Trump dissolves jobs council after 8 resign
WASHINGTON — President Donald Trump dissolved the Manufacturing Jobs Initiative council this afternoon after eight executives resigned in the wake of Mr. Trump's comments about the race-tinged violence in Charlottesville, Va..
Mr. Trump announced his decision to dissolve the jobs council and the Strategy & Policy Forum at 1:14 p.m. today via Twitter — roughly 30 minutes after 3M Co. Chairman, President and CEO Inge Thulin tweeted he would step down from the council.
"Rather than putting pressure on the businesspeople of the Manufacturing Council & Strategy & Policy Forum, I am ending both. Thank you all!" Mr. Trump tweeted Aug. 16.
Mr. Thulin announced his resignation from the council at roughly the same time Campbell Soup Co. CEO Denise Morrison released a statement saying she would step down.
Rather than putting pressure on the businesspeople of the Manufacturing Council & Strategy & Policy Forum, I am ending both. Thank you all!
— Donald J. Trump (@realDonaldTrump) August 16, 2017
"I joined the Manufacturing Jobs Initiative in January to advocate for policies that align with our values and encourage even stronger investment and job growth — in order to make the Unites States stronger, healthier and more prosperous for all people," read Mr. Thulin's statement, released on Twitter.
"After careful consideration I believe the initiative is no longer an effective vehicle for 3M to advance these goals."
— 3M (@3M) August 16, 2017
Mr. Thulin and Ms. Morrison were the seventh and eighth to resign from the council in the wake of the Unite the Right rally in Charlottesville, and Trump's response to it. Mr. Thulin's prepared statement did not explicitly condemn events surrounding Charlottesville; Ms. Morrison's statement did.
"Racism and murder are unequivocally reprehensible and are not morally equivalent to anything else that happened in Charlottesville. I believe the President should have been — and still needs to be — unambiguous on that point," Ms. Morrison wrote.
— Campbell Soup Co (@CampbellSoupCo) August 16, 2017
Scott Paul, president of the American Alliance for Manufacturing, and Richard Trumka, president, and Thea Lee, deputy chief of staff, of the AFL-CIO resigned from the council Aug. 15.
Mr. Paul announced via Twitter he was resigning from the council, tweeting "it's the right thing to do."
Mr. Trumka resigned later that day, tweeting his resignation was effective immediately.
"I cannot sit on a council for a President that tolerates bigotry and domestic terrorism; I resign; effective immediately," Mr. Trumka tweeted.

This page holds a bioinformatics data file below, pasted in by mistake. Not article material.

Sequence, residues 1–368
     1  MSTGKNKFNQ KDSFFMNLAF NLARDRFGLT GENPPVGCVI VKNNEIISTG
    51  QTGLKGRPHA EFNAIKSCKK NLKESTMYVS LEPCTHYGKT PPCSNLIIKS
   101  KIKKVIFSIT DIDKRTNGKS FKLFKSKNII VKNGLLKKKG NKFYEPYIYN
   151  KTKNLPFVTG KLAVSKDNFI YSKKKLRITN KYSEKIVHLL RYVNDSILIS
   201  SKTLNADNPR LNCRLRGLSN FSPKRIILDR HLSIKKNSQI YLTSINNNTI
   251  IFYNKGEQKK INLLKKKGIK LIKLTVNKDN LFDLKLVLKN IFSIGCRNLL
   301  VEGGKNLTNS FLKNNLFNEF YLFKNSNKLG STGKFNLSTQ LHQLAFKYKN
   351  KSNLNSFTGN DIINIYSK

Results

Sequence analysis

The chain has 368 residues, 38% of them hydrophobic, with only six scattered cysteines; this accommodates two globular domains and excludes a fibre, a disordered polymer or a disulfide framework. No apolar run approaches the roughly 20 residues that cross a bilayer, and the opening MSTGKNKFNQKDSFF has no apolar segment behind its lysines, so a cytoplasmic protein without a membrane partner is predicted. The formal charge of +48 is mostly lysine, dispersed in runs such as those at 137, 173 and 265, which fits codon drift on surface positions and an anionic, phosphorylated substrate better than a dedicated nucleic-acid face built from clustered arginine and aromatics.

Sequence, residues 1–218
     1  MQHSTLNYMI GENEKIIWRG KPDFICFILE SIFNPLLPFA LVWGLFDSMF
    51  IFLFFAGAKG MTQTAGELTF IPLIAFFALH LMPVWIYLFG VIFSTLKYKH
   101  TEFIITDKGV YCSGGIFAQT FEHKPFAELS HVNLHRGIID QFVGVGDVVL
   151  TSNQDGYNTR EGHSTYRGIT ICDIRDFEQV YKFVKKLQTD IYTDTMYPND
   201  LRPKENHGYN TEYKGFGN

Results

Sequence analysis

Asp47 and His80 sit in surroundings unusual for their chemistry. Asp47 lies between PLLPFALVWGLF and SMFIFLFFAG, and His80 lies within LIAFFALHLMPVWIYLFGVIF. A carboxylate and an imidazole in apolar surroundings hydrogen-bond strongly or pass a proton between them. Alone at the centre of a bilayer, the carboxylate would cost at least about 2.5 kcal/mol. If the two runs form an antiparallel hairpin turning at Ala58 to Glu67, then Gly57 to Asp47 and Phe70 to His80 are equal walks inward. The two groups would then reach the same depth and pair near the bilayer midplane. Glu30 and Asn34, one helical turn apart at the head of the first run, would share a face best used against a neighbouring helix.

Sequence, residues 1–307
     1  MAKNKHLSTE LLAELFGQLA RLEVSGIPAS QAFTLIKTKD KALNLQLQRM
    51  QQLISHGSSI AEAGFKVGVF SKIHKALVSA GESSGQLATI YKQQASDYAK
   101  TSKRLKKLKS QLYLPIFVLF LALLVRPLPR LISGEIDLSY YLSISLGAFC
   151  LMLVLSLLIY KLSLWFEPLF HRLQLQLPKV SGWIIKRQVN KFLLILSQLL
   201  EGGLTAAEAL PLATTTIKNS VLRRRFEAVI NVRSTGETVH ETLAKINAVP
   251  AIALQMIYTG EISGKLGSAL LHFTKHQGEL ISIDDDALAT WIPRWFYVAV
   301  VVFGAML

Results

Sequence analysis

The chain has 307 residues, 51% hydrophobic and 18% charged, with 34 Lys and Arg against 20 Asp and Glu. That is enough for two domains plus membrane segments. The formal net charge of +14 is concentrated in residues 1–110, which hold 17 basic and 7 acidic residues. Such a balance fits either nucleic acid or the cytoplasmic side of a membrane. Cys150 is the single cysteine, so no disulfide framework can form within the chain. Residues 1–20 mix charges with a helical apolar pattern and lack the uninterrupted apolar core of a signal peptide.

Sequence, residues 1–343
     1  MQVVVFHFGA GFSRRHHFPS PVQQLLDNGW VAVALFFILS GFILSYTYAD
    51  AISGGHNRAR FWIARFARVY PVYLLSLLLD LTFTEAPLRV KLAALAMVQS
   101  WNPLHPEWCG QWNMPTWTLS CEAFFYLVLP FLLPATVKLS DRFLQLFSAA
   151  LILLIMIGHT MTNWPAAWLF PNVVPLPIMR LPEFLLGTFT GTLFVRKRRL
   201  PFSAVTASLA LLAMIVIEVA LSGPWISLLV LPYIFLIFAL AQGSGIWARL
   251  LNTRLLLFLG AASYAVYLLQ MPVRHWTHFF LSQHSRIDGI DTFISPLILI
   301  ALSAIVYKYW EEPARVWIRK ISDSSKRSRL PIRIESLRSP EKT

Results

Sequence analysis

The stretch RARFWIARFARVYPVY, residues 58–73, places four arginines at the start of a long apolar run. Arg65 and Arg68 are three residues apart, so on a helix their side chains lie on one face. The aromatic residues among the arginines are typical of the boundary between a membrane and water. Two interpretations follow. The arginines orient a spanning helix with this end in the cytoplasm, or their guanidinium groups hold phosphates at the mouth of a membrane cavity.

Merck & Co. Inc. CEO Ken Frazier was the first to step down from the jobs council after violence erupted in Charlottesville, and Mr. Trump did not repudiate white supremacist groups that organized the march. Under Armour CEO Kevin Plank and Intel CEO Brian Krzanich resigned shortly after Mr. Frazier.
Andrew Liveris, chairman and CEO of Dow Chemical Co., previously said he planned to remain on the council but released a statement condemning "hatred, racism and bigotry."
He released a second statement after the council had dissolved, saying all of the council members condemn racism and bigotry, but given the current environment, the council could not continue.
— Dow (@DowChemical) August 14, 2017
Several others who represented companies involved in the rubber industry remained on the council until it was dissolved.
Jim Kamsickas, president, CEO and director of Dana Inc., released a statement following Trump announced the council would dissolve.
"At Dana, we are deeply concerned and saddened by the horrific events that occurred in Charlottesville this past weekend. Racism, bigotry, and violence have no place in our society," Mr. Kamsickas' statement read.
"As CEO, I will continue to strongly advocate for the important issues of diversity, tolerance, and inclusion."
Doug Oberhelman, former chairman and CEO of Caterpillar Inc., also remained on the council until its dissolution. Caterpillar released a statement Aug. 16 that read in part:
"At Caterpillar, there is nothing more important than Our Values — at their core we embrace the diversity and inclusion of all of our people. We appreciate and celebrate our differences. Our Values stand in stark contrast to the senseless acts of violence in Virginia. At Caterpillar there is no room for hatred, racism or intolerance."
Council member Rich Kyle, Timken Co. president and CEO, had not issued a statement on the controversy.
Tesla CEO Elon Musk left the council earlier, resigning after Trump announced the U.S. would withdraw from the Paris climate agreement.
Mark Fields, former CEO of Ford Motor Co., left the board when he stepped down from his CEO position in May.
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